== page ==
NEW YORK (Reuters) – Donald Trump sued Manhattan District Attorney Cyrus Vance on Thursday, seeking to void a subpoena for eight years of tax returns related to a criminal probe into the U.S. president and his family business.
FILE PHOTO: Manhattan District Attorney Cyrus Vance Jr. speaks at a news conference to discuss the Concealed Carry Reciprocity Act in the Manhattan borough of New York City, New York, U.S., December 6, 2017. REUTERS/Carlo Allegri
The lawsuit deepens Trump’s efforts to keep his finances under wraps, despite having promised during his 2016 White House run that he would disclose his tax returns.
Trump accused Vance of joining “the campaign of bad-faith investigations and harassment” against him by Democratic officials, including from two U.S. House of Representatives committees that have subpoenaed the Republican president’s financial records.
The complaint filed in Manhattan federal court by Trump’s lawyers challenges a grand jury subpoena that Vance issued on Aug. 29 to Mazars USA, Trump’s longtime accounting firm, for personal and corporate tax returns from 2011 to 2018.
Vance issued the subpoena four weeks after issuing another subpoena to the Trump Organization for records of hush money payments, including to two women prior to the 2016 election who said they had sexual relationships with Trump, which he denies.
Trump said the earlier subpoena did not call for his tax records, a claim Vance’s office has disputed, and accused the district attorney of trying to “circumvent” him by demanding the returns from Mazars instead.
“Because the Mazars subpoena attempts to criminally investigate a sitting President, it is unconstitutional,” the complaint said. “The court should declare it invalid and enjoin its enforcement until the President is no longer in office.”
Trump is running for re-election. His current term ends on Jan. 20, 2021.
Danny Frost, a spokesman for Vance, said the district attorney will respond to the complaint in court. “We will have no further comment as this process unfolds,” Frost added.
Mazars is also a defendant in Trump’s lawsuit.
In a statement, it said it “will respect the legal process and fully comply with its legal obligations,” though as a matter of policy it does not comment on its work for clients.
According to the complaint, Mazars had been expected to produce the subpoenaed information by 2 p.m. EDT (1800 GMT) on Thursday, but was given an extension until Sept. 23 to produce the tax records.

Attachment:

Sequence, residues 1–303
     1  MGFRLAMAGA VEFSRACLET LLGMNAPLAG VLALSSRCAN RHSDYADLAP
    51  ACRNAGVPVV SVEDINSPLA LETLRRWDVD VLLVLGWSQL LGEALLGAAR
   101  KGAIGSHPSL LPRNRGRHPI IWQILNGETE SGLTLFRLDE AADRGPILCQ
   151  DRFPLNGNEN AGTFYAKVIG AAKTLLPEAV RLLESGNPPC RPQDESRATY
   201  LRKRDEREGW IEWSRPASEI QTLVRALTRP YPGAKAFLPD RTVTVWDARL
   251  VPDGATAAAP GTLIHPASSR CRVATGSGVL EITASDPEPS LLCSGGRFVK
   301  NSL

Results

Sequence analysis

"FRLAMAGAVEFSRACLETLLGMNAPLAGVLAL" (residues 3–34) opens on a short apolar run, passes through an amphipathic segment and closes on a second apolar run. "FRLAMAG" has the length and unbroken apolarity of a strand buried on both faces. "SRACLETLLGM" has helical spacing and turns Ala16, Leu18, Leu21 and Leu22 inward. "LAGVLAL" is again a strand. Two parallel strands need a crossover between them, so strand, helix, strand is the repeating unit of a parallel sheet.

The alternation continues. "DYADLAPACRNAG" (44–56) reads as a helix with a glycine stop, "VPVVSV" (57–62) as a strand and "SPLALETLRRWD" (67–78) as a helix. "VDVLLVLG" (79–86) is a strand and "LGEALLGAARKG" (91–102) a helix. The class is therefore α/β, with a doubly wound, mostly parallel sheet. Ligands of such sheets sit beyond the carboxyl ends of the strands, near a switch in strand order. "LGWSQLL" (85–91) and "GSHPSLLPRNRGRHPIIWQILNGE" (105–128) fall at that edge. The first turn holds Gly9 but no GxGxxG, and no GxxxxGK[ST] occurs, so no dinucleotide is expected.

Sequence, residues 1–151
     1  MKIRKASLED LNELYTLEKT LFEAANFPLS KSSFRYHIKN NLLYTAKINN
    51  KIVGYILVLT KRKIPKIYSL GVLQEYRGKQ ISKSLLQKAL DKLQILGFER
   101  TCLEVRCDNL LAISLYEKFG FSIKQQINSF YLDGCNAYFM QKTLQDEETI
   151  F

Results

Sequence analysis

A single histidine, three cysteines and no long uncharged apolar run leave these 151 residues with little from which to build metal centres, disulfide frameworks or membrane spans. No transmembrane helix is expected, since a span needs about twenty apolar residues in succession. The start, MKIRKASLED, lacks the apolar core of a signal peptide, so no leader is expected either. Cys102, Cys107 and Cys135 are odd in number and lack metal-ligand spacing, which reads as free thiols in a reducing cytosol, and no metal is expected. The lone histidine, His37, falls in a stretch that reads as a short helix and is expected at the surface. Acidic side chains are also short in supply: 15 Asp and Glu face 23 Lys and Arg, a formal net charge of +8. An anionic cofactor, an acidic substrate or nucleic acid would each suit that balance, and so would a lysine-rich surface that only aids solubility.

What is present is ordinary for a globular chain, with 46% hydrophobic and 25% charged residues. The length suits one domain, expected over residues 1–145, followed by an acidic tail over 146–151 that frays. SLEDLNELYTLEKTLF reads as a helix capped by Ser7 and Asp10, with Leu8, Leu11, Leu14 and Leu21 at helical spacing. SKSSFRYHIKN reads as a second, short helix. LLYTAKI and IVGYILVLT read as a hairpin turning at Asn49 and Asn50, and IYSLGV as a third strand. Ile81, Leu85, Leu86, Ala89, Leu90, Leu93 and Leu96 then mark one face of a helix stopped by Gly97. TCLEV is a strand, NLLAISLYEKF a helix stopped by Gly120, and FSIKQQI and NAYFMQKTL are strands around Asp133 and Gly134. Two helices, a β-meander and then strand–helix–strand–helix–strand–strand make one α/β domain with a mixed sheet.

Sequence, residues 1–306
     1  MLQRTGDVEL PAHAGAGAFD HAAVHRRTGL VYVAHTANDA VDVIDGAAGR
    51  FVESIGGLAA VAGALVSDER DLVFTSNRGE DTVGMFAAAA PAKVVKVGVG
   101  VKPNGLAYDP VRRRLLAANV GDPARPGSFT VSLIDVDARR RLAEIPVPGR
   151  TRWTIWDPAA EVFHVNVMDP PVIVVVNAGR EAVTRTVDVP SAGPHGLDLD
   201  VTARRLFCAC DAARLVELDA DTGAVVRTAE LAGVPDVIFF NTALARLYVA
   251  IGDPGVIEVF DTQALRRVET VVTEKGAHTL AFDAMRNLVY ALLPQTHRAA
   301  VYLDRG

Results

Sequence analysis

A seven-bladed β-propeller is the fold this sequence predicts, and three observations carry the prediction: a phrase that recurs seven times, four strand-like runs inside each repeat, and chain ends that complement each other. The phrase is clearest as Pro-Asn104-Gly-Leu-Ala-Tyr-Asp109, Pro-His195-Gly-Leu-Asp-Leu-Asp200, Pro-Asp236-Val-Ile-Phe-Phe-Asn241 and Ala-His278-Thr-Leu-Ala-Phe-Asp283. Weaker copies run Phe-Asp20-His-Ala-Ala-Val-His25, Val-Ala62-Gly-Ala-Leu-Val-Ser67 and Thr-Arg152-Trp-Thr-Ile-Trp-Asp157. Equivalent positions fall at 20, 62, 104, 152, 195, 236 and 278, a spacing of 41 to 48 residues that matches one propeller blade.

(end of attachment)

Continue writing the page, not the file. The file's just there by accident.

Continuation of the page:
“Mazars now faces a Hobson’s choice: ignore the subpoena and risk contempt, or comply with the subpoena and risk liability to the President if the subpoena is invalid or unenforceable,” the complaint said.
Jay Sekulow, a lawyer for Trump, said in a statement that the lawsuit would address “the significant constitutional issues at stake in this case.”
The hush money payments were made to Stormy Daniels, the pornographic film actress whose real name is Stephanie Clifford, and former Playboy model Karen McDougal.
Michael Cohen, the president’s former lawyer, has admitted to paying $130,000 to Daniels to keep her from talking about her alleged relationship with Trump in 2006, and helping arrange a payment of $150,000 to McDougal.
Cohen is serving a three-year prison term for campaign finance violations, including through the hush money payments, as well as tax evasion and lying to Congress.
Trump is separately trying to block Deutsche Bank AG (DBKGn.DE) from handing over financial records, which the bank has said include tax returns, sought by the House committees.
The federal appeals court in Manhattan heard arguments in that case on Aug. 23. It has yet to rule.
Vance is also pursuing criminal mortgage fraud case against Paul Manafort, a former Trump campaign chairman.
Manafort has sought a dismissal, saying he was already convicted on similar federal charges brought by the office of Special Counsel Robert Mueller, and that trying him again would amount to double jeopardy.
Reporting by Jonathan Stempel and Karen Freifeld in New York; Editing by Angus MacSwan, David Gregorio and Tom Brown